Students returned to school at SMU in early September. While new cases of COVID-19 in Dallas County are steadying, school openings and fewer capacity restrictions has some public health officials on alert. Bret Redman

Coronavirus

Dallas’ COVID-19 Numbers Are ‘Precarious’ Amid Schools and Restaurants Reopening

Dallas County Health Director Dr. Philip Huang is keeping his eyes on the indicators, and UTSW predicts 1,000 new daily cases by year's end.

Right on cue, cooler weather arrived with the beginning of fall, a welcome break from the North Texas heat. That cooler weather is the background to school openings and Gov. Greg Abbott further loosening of capacity restrictions for restaurants and retailers, which can now welcome 75 percent of their occupancy maximums. For those whose jobs are to monitor COVID-19, those things make for a troubling combination. 

“We are watching all the indicators closely. [The threat level] went from red to orange, and we’re hoping we can stay in orange or go down to yellow,” says Dallas County Medical Director Dr. Philip Huang, referring the county’s color-coded guidance over what is safe to do in public. “But there are a lot of things going on right that can impact what we are seeing in our community.”

For the most part, Huang says universal masking and social distancing has been working since the Fourth of July, but with schools reopening, he is staying focused on the number of new cases, the positivity rate of testing, hospitalizations, and ER visits. College towns have emerged as hotspots in Texas and around the country as universities reopen to in-person schooling. The Texas Tribune reported that in cities where college students make up at least 10 percent of the population, COVID-19 cases are up 34 percent since August 19. The rest of the state has seen an increase of 23 percent. 

“We are seeing the activity, and we are concerned because it’s very precarious,” Huang says.

Locally, daily new cases have been steady, and hospitalizations in the region for COVID-19 have hovered between 780 and 749 for the last week or so, well within the range of capacity acceptability. 

Nationwide, the seven-day average of cases bottomed out in early September at around 35,000 but has steadily climbed back up near 45,000 new cases per day since, according to the Johns Hopkins Coronavirus Resource Center. It hasn’t made as many headlines because most recent cases have occurred away from larger media centers. Wisconsin, Missouri, Iowa, and Tennessee are experiencing outbreaks as things have calmed down on the east coast. The country passed 200,000 deaths due to the virus this week, as Dallas County marked over 1,000 deaths. 

“We’ve been sort of flat, but some indicators are starting to go up that are worrisome,” Huang says, who added that he was meeting with hospitals to learn more about projections later this week. 

Last week, Abbott opened up restaurants, offices, gyms, museums, and more to 75 percent capacity if they are in a hospital region that, for at least seven consecutive days, has 15 percent or less of its hospital beds filled with COVID-19 patients. Dallas’ COVID-19 hospital percentage has been around 6 or 7 percent for weeks, and its provisional seven-day average for daily new confirmed and probable cases was last week 240, compared to the daily average of 279 the week prior.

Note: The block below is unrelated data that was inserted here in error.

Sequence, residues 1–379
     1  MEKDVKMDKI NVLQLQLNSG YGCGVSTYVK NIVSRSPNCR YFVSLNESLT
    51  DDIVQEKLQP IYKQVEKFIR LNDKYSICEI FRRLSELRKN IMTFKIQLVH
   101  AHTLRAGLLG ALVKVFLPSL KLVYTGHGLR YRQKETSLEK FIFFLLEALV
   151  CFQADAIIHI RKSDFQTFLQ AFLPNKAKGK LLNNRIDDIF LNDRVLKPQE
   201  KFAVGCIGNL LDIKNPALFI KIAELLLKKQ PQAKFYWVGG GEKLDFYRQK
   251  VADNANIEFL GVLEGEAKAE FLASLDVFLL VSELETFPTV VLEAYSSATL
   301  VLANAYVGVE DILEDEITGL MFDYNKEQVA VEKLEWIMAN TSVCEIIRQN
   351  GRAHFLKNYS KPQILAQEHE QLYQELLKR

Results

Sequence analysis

The state changed the way it is reporting daily case numbers, moving from reporting them on the day the result was received to the day the test was given. That means the numbers will change as results come in. Dallas County has been more concerned with less variable statistics. With unreliable testing, delays in getting reports, and other factors, Huang says hospital data is critical.

“The hospital indicators are a little more stable, because no matter whether somebody got tested or not, if they get sick enough to have to go to the emergency department, be admitted, or go into the ICU, those are independent of testing,” Huang says. 

Dallas County did not see the spike following Labor Day that it did after Memorial Day, but there are still threats to the improving situation. By October 2, UT Southwestern Medical Center’s COVID modeling predicts that there will be an increase of 240 to 480 hospitalizations and 520 new daily cases of COVID-19.

By year’s end, if conditions stay the same, there will be around 1,000 new cases per day. Still, small differences in the effectiveness of masking and social distancing can have a massive impact. Right now, those measures are 63 percent effective according to UTSW, but if that were to decrease to being 61 percent effective, new daily cases could be as high as 2,500 by the end of 2020. On the other hand, an increase to 68 percent effectiveness could bring new daily cases under 100. 

Models change, but Huang advises continued vigilance. Avoid crowds, socialize outside, wear your mask, and stay six feet from others.

“There’s definitely some COVID fatigue,” Huang says. “Simultaneously, the governor is starting to open up some things, and the schools. All of it can contribute to some relapsing. People need to be able to keep staying the course on this as much as they can.”

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